After a process lasting two years, the joint committee of the German federal data protection authority and 17 state regulators found that “”that, on the basis of these documents [provided by MS], it is not possible to use Microsoft Office 365 in a way that complies with data protection requirements”.
Now I wonder if and how it is possible for similar services from Google or other U.S. companies to comply with EU laws.
This is particularly significant in Italy where almost all schools are using Google Classroom (wouldn’t it be the moment to use EU services instead ?)
Past week the French ministry for education, answering a question from a Parliament member, had already stated that using Miscorosft and Google in schools was illegal under EU GDPR regulation.
This is the statement by the Ministry
The statement by the German regulators is broader, as it is not limited to schools.
This is the document by German regulators.
Here are some highlights:
At its meeting on September 22, 2020, the DSK asked a working group under the leadership of Brandenburg and the Bavarian State Office for Data Protection Supervision (BayLDA) to enter into talks with Microsoft “in order to promptly achieve data protection-compliant improvements as well as adjustments to the standards for third-country transfers for the application practice of public and non-public bodies as indicated by the ECJ’s Schrems II decision.”
In response, a working group began discussions with Microsoft in late 2020. Participants in the WG were: Brandenburg and BayLDA (both leadership), BfDI, Baden-Württemberg, Berlin, Hesse, Mecklenburg-Western Pomerania, Saxony, Saarland, and Schleswig-Holstein. For Microsoft, employees of Microsoft Deutschland GmbH including a member of the management and, depending on the focus, contact persons from Microsoft Corporation (USA) participated. In the 14 video conferences lasting several hours were held as part of the talks.
The discussions had to take into account that the lead data protection supervisory authority for Microsoft Ireland Operations, Ltd. as a party to the order processing agreement is the Irish supervisory authority and that the German supervisory authorities are responsible for the supervision of the respective German customers (e.g., companies, public authorities, i.e., data controllers within the meaning of Article 4 No. 7 of the GDPR). The essential question for the German supervisory authorities was therefore whether the individual processing activities of the controllers here (for which they have commissioned the Microsoft) are lawful and whether the processing contract complies with the requirements of Art.. 28 of the GDPR.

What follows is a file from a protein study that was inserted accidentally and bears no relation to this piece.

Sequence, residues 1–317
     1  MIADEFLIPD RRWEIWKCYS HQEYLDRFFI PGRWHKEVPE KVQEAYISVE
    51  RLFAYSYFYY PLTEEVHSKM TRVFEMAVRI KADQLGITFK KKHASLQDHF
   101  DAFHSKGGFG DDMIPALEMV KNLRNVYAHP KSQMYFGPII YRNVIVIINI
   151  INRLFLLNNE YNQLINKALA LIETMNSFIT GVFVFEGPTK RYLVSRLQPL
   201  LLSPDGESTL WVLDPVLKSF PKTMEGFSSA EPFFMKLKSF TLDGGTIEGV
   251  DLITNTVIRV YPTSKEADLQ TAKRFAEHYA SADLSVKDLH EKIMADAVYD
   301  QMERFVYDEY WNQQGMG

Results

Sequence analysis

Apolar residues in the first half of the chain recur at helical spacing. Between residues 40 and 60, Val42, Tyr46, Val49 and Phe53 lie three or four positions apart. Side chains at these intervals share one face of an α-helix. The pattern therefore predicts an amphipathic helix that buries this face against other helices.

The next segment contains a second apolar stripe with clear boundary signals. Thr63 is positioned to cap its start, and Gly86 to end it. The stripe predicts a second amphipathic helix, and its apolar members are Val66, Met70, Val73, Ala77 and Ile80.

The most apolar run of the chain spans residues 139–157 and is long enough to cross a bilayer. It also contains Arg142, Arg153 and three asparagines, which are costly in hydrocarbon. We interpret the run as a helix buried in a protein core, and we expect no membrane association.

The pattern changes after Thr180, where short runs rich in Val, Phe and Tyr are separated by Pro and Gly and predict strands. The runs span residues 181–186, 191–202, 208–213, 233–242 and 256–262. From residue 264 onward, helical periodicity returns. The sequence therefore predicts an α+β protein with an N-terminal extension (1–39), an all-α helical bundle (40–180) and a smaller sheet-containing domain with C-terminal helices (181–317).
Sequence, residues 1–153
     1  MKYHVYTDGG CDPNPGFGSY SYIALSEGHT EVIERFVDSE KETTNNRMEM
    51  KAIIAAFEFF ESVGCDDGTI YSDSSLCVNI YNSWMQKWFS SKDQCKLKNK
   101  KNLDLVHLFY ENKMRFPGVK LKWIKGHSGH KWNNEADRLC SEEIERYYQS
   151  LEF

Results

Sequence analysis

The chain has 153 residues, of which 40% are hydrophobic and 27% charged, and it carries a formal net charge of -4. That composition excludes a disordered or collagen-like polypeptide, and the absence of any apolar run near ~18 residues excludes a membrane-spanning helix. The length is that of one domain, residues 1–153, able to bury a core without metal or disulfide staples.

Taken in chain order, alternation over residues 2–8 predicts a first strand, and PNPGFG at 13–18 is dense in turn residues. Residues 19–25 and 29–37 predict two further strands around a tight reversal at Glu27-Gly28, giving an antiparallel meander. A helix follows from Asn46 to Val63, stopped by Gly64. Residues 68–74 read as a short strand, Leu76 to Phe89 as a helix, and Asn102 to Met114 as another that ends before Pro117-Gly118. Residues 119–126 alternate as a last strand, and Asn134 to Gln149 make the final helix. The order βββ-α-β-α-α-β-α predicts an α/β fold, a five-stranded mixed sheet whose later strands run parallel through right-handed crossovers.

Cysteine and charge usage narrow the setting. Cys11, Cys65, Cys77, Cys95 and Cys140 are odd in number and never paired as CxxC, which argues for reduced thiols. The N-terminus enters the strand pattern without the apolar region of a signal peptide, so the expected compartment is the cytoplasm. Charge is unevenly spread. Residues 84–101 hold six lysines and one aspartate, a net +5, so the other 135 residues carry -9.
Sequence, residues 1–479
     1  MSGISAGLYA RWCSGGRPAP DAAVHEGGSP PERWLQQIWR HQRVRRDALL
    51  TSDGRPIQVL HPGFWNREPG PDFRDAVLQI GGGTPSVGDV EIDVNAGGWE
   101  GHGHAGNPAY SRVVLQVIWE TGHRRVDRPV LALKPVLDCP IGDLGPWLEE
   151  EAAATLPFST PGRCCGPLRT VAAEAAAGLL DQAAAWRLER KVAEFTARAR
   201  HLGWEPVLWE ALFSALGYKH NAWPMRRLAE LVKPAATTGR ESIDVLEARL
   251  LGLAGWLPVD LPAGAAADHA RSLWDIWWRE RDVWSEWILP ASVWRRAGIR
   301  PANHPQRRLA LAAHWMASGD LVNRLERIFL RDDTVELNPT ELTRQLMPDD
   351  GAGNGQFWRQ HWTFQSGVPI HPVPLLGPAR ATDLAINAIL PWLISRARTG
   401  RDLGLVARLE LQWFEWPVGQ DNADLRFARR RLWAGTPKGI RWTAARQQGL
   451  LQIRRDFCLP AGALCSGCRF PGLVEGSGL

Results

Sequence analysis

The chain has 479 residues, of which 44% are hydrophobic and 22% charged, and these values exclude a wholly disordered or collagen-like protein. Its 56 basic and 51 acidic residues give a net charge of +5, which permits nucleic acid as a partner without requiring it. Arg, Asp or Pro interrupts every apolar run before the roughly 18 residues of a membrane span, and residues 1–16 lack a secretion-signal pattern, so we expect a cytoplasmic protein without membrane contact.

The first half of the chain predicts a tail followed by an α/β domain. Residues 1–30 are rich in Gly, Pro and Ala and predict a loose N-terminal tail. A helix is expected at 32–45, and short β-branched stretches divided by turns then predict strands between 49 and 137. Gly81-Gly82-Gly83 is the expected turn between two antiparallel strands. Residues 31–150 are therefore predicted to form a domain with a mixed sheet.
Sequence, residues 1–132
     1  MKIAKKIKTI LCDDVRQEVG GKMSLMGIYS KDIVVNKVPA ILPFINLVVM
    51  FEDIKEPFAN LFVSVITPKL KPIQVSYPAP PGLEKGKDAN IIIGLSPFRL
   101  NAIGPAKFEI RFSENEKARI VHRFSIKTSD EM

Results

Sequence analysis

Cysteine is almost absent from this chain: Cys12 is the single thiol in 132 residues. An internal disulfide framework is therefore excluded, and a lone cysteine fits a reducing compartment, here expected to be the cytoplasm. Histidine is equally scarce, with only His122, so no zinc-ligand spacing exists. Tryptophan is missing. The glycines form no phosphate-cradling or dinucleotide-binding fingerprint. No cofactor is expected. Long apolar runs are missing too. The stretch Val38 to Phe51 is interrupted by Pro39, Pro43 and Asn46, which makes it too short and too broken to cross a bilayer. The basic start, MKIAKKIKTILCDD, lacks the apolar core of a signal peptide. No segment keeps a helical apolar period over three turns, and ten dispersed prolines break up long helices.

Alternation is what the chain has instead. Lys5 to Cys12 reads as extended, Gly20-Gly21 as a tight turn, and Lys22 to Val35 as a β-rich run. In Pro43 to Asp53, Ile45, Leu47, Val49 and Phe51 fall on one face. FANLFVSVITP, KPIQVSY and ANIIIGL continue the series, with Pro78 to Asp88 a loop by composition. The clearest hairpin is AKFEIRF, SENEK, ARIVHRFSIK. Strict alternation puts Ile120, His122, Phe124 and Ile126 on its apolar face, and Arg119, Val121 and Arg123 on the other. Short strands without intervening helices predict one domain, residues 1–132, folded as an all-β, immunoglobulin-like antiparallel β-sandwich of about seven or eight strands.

In addition, it had to be that the cloud service Microsoft 365 can be used in different functional scopes, variants and configurations, variants and configurations.
The basis for the following assessments is the “Data Protection Addendum for Microsoft Products and Services from Microsoft” (hereinafter: “Data Protection Addendum”) including the current version of September 15, 2022. The assessment is based on the factual and legal situation existing at the end of the report on October 10, 2022. the existing factual and legal situation.
Binding of instructions, disclosure of processed data, fulfillment of legal legal obligations, CLOUD Act, FISA 702
The current September 2022 Privacy Addendum includes changes to previous provisions governing disclosures of data provided to Microsoft as a processor for its own business purposes “to comply with legal obligations.” In doing so, the amendments contain new wording, but the bottom line is that the powers remain similarly broad.
For example, the regulation restricts the customer’s right to issue instructions with regard to disclosures of data processed on behalf of the customer. The data privacy addendum permits disclosures if required by law or described in the “data protection addendum.” Such disclosures are not limited to instructions from the data controller, so that they may be made against the background of Art. 28(3)(1) sentence 2(a) DSGVO, they are only permissible if they relate to Obligations arising from Union or Member State law to which Microsoft is subject, are limited. This is not the case. Thus, Microsoft’s obligation to give instructions does not satisfy the legal minimum requirements pursuant to Art. 28 (3) subparagraph (1) sentence 2 (a) of the GDPR.
The investigations of the working group show that Microsoft also contractually reserves the right to far-reaching disclosures. disclosures that, if implemented, would not comply with the requirements set forth in Art. 48 of the GDPR. in the event of their implementation.